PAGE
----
Zhang and Zhang (276) observe that the modes of supply chains, much like the modules of transportation, have been in existence for a while. However, it is only in this phase of information and communications technology that the supply chain practices, and the modes supplementing the course, that the momentum of being integrated has been much intensified. This integration has the ability to guarantee the optimisation of trade-offs between the modules of the supply chains and between the services and cost patterns of the modes within the supply chains (Benchmarking intermodal freight transport 52).

The responsiveness and necessities for choices on a business implementation of supply chains rely on modern communications and information structures for their success. A good illustration that is gaining universal momentum and efficacy is the application of interpersonal databanks — the capability to electronically incorporate and manoeuvre interconnected but rather diverse data arrays. The concept of people is a vital component in modern operations management for the people are the “engine” behind the workload. Operations management and development are an intellectual activity that is truly human conscious.

In many cases, human beings execute most of the work elements, and barely a little of this workload can be automated. Therefore, this research notes that the availability and the competence of the people in management are keys to getting the work completed in the best way possible. In addition, most of the cost of production and development is associated with the people (Benchmarking intermodal freight transport 55).

The process of engaging people at all levels in an organisation’s transition to the desired future is extremely beneficial. Its objectives are to ensure that people are both able and willing to accept the basic new behaviours and practices while letting go of those that are no longer appropriate. People’s participation in operations management within an organisation is accepted as a means of mobilising the human resource capacity to cumulative productivity (Josler and Burner 1). Building a formidable team is among the most crucial things that an operations manager can always endeavour to achieve. Osterloh and Frey (541) posit that motivation, and avoidance of demotivation may take an organisation to greater heights. In essence, leaders need to be acquainted with what motivates an employee. This gradual process needs to be continuously monitored, modified, and updated over the life of a business (Turner and Muller 54).

Inventory Management

Inventory management, as Karamat (20) indicates, is determined by the yield realised when an organisations input is fully utilised. With regard to this context, organisation performance shows the relationship between the input and the achieved output in an organisation, hence determining the growth of an organisation. Karamat (20) assert that the organisation’s success relies on three issues namely: Efficiency and process reliability, leadership and relation to workers and, inventory management and adjustment to environment. Considering the leadership impact of an organisation, Karamat (27) states that the size of an organisation effects efficacy of managing the business records, which translates to the management structure. However, for high performance, every organisation irrespective of the size requires aggressive management that can pool their records together and can as well establish appropriate organisation composition, systems, and structures Karamat (29).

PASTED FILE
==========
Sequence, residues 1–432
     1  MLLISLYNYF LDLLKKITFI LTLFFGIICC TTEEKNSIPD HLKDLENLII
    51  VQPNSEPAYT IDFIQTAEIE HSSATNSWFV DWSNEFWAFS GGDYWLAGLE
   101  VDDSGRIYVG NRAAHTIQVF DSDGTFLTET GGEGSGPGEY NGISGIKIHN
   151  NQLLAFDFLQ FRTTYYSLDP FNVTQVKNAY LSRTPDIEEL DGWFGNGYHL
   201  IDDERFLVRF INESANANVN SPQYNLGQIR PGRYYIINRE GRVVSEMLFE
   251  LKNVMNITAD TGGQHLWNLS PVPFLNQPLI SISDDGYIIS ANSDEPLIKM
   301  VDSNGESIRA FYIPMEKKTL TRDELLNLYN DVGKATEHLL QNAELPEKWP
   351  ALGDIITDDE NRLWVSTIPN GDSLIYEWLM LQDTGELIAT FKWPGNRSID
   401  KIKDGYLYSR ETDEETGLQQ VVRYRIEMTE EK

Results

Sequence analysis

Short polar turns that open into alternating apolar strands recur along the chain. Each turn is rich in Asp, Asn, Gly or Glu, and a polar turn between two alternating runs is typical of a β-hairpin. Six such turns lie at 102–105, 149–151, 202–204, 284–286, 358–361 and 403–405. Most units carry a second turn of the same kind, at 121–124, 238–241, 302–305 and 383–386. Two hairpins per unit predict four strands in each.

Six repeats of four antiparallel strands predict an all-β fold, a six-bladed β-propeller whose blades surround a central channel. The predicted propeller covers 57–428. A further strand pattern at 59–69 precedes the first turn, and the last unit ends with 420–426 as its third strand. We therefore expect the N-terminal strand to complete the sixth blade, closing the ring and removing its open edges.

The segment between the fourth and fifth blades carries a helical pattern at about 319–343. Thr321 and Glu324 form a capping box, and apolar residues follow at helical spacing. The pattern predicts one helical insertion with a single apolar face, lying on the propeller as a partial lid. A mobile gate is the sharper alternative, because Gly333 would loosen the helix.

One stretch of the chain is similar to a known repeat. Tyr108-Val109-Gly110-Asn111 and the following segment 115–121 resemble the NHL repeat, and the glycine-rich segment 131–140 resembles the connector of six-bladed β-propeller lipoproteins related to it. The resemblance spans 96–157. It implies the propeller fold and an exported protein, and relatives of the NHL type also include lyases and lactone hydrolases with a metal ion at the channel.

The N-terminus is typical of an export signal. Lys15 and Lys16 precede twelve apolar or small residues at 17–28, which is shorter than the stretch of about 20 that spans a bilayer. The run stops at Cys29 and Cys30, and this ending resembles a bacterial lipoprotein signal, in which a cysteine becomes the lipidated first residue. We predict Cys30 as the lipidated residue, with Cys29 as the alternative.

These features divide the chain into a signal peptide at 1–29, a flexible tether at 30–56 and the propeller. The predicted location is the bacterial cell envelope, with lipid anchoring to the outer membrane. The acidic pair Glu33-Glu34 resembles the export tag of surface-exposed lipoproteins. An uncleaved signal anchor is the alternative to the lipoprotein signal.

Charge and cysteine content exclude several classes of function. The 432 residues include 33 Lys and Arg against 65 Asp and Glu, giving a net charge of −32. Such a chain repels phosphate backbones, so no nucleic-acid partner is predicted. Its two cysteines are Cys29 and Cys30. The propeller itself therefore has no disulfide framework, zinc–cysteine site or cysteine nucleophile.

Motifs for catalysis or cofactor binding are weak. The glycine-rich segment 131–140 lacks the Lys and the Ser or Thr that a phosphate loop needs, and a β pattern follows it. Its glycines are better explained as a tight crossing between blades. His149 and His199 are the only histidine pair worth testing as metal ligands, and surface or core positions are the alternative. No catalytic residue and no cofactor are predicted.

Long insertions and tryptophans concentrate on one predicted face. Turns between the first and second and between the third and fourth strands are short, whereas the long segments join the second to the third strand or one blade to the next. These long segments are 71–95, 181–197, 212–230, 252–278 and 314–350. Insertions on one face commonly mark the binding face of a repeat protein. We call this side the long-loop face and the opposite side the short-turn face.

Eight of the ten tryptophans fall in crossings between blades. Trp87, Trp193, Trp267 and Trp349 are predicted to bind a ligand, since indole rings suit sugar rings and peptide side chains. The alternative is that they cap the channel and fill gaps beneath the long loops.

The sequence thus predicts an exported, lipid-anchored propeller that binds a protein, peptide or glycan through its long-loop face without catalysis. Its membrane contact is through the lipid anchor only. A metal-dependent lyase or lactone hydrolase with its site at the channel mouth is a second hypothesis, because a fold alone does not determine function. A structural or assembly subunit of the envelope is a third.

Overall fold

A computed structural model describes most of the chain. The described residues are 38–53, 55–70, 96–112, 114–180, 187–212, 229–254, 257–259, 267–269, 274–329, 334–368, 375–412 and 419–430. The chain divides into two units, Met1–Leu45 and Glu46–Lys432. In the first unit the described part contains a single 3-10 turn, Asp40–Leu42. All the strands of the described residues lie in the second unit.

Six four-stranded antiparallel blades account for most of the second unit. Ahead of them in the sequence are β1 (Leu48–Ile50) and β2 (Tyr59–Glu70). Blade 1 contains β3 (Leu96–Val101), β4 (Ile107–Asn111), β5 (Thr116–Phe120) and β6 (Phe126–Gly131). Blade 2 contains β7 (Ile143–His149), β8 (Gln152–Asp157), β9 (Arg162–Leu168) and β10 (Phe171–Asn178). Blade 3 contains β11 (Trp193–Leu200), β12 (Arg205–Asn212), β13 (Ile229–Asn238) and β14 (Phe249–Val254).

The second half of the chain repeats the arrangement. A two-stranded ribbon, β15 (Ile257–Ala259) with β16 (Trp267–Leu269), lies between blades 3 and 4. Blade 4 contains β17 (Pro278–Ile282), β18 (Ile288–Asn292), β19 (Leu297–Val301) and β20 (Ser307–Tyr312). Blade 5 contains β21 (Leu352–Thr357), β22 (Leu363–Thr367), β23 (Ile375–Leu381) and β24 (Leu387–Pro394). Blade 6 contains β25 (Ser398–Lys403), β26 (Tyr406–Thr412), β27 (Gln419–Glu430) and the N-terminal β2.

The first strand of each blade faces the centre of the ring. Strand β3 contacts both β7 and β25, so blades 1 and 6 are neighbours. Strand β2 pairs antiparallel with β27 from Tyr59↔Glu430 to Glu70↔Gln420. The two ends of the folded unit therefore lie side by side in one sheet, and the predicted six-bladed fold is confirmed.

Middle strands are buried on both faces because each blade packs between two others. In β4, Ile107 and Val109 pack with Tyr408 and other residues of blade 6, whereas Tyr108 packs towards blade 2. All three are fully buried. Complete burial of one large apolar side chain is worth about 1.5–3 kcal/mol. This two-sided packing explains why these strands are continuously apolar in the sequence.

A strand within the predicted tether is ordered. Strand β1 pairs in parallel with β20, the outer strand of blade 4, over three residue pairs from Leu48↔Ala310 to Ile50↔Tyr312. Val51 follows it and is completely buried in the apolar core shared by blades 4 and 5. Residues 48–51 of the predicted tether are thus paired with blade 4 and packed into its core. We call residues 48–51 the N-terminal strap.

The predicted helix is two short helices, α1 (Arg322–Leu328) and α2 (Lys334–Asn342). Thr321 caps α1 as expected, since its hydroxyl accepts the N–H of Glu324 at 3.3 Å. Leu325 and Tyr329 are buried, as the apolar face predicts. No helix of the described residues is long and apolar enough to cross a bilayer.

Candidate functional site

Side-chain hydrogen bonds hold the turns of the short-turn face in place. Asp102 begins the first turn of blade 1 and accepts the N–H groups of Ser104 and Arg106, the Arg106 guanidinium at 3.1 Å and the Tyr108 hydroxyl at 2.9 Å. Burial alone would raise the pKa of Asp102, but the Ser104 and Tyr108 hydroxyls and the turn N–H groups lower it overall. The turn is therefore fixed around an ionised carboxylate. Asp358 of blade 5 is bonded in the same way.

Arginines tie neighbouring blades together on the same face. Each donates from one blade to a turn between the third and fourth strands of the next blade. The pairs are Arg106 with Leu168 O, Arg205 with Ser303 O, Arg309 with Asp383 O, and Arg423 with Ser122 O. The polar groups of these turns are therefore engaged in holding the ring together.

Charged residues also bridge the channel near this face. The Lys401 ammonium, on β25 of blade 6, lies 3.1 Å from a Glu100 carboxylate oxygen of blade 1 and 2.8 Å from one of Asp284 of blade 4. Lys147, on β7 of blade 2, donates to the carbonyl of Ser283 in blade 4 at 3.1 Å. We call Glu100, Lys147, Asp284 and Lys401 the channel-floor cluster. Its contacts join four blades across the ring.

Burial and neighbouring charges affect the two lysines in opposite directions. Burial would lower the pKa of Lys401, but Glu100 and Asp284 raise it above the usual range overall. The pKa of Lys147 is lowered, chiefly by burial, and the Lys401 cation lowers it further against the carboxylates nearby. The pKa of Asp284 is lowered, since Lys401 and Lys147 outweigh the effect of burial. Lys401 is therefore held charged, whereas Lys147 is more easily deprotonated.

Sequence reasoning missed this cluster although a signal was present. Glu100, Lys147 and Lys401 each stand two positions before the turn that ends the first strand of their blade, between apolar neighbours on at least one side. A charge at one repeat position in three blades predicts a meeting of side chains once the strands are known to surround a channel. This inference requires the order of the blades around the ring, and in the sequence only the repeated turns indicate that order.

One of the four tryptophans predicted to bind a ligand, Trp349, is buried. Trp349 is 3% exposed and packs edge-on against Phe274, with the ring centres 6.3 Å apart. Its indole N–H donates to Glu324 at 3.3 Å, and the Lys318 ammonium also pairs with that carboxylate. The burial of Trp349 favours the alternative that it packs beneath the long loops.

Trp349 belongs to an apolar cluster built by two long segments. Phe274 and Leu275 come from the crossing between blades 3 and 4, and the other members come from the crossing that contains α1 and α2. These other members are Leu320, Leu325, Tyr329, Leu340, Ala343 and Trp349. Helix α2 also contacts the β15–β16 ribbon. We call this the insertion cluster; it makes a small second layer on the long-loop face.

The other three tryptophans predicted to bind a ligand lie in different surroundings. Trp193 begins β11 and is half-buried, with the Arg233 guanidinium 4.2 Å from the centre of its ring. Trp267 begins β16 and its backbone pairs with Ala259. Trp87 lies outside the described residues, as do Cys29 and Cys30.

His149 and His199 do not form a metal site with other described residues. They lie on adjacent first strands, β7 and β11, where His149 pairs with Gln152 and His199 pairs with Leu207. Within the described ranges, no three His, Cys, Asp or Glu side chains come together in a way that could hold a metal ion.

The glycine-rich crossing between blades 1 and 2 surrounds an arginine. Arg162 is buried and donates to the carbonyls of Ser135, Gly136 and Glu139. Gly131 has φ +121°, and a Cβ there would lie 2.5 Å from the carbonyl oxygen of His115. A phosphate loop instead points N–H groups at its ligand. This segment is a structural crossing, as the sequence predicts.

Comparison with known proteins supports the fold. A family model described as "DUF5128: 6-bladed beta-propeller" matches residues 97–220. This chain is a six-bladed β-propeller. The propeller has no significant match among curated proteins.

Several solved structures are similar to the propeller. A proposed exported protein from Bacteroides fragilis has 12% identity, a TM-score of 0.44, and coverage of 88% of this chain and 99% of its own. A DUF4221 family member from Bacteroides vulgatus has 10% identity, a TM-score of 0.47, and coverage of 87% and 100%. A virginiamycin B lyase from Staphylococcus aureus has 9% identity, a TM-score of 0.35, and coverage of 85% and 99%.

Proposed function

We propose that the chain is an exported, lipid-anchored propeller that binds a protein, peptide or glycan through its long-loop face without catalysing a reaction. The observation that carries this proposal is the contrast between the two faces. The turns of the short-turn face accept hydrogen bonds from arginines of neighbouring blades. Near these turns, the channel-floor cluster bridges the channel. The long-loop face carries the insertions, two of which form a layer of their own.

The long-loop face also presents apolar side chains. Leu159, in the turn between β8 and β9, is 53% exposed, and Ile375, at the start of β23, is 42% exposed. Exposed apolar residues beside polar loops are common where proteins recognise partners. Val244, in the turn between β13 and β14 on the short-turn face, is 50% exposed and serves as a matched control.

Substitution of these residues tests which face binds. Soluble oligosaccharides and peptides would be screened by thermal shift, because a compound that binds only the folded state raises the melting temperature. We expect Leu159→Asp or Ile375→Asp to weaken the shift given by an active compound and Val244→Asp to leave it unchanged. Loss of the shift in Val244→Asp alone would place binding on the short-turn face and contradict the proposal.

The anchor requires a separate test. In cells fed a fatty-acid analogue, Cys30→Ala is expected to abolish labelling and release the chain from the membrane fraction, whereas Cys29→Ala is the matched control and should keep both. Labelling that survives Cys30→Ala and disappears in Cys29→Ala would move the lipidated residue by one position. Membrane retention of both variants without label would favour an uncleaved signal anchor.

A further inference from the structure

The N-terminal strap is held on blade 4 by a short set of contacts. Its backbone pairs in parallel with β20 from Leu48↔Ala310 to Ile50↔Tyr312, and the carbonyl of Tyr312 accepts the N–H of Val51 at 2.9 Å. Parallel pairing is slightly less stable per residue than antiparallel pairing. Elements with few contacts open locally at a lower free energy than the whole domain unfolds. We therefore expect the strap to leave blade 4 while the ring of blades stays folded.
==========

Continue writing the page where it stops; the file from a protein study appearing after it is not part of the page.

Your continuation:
Therefore, record keeping, as the key influencers in making decision, determines what the organisations acquires, develop, and where the organisation deploys their resources. In addition, Karamat (29) acknowledges that leadership determines the conversion of these resources to product and services and correlation with an organisation’s targets. Thus, inventory management, even though not the only determining factor is an essential component in the mix of factors that impact on the organisation’s performance (Karamat 30).

Recent researches suggest that competent inventory management can nurture the positive beliefs and attitudes that are allied to operations management, and that, such practices can produce the kinds of discretionary activities that lead to enriched performance (Josler and Burner 2). In more certain terms, personnel who comprehend the work design and execute workplace records and procedure variations are a dedicated workforce. Operations management is imperative to the effectiveness in the current business environment.

The Gallop Organisation, which researched on the field of operations management in 7,939 professional units, in 36 firms, established that inventory management was connected to positive performance in various sectors, such as augmented client’s satisfaction, productivity, and effectiveness, as well as increased workforce output. Most companies that nurtured effective inventory management shows that extent of operation management was noteworthy afterwards (Cabrera and Cabrera 25).